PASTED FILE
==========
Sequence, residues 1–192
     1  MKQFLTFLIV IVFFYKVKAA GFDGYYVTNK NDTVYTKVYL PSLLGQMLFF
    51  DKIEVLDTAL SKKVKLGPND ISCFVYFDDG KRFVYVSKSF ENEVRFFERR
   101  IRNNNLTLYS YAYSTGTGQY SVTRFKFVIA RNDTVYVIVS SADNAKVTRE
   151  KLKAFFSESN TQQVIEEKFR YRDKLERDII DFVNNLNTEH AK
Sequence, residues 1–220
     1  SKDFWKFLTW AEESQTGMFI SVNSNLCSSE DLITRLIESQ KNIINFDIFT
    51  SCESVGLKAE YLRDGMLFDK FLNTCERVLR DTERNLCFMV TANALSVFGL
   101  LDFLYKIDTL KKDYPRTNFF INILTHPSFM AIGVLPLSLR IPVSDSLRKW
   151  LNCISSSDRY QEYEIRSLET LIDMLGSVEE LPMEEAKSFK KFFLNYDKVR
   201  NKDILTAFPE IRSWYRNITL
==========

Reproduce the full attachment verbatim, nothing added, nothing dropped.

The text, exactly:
Sequence, residues 1–192
     1  MKQFLTFLIV IVFFYKVKAA GFDGYYVTNK NDTVYTKVYL PSLLGQMLFF
    51  DKIEVLDTAL SKKVKLGPND ISCFVYFDDG KRFVYVSKSF ENEVRFFERR
   101  IRNNNLTLYS YAYSTGTGQY SVTRFKFVIA RNDTVYVIVS SADNAKVTRE
   151  KLKAFFSESN TQQVIEEKFR YRDKLERDII DFVNNLNTEH AK
Sequence, residues 1–220
     1  SKDFWKFLTW AEESQTGMFI SVNSNLCSSE DLITRLIESQ KNIINFDIFT
    51  SCESVGLKAE YLRDGMLFDK FLNTCERVLR DTERNLCFMV TANALSVFGL
   101  LDFLYKIDTL KKDYPRTNFF INILTHPSFM AIGVLPLSLR IPVSDSLRKW
   151  LNCISSSDRY QEYEIRSLET LIDMLGSVEE LPMEEAKSFK KFFLNYDKVR
   201  NKDILTAFPE IRSWYRNITL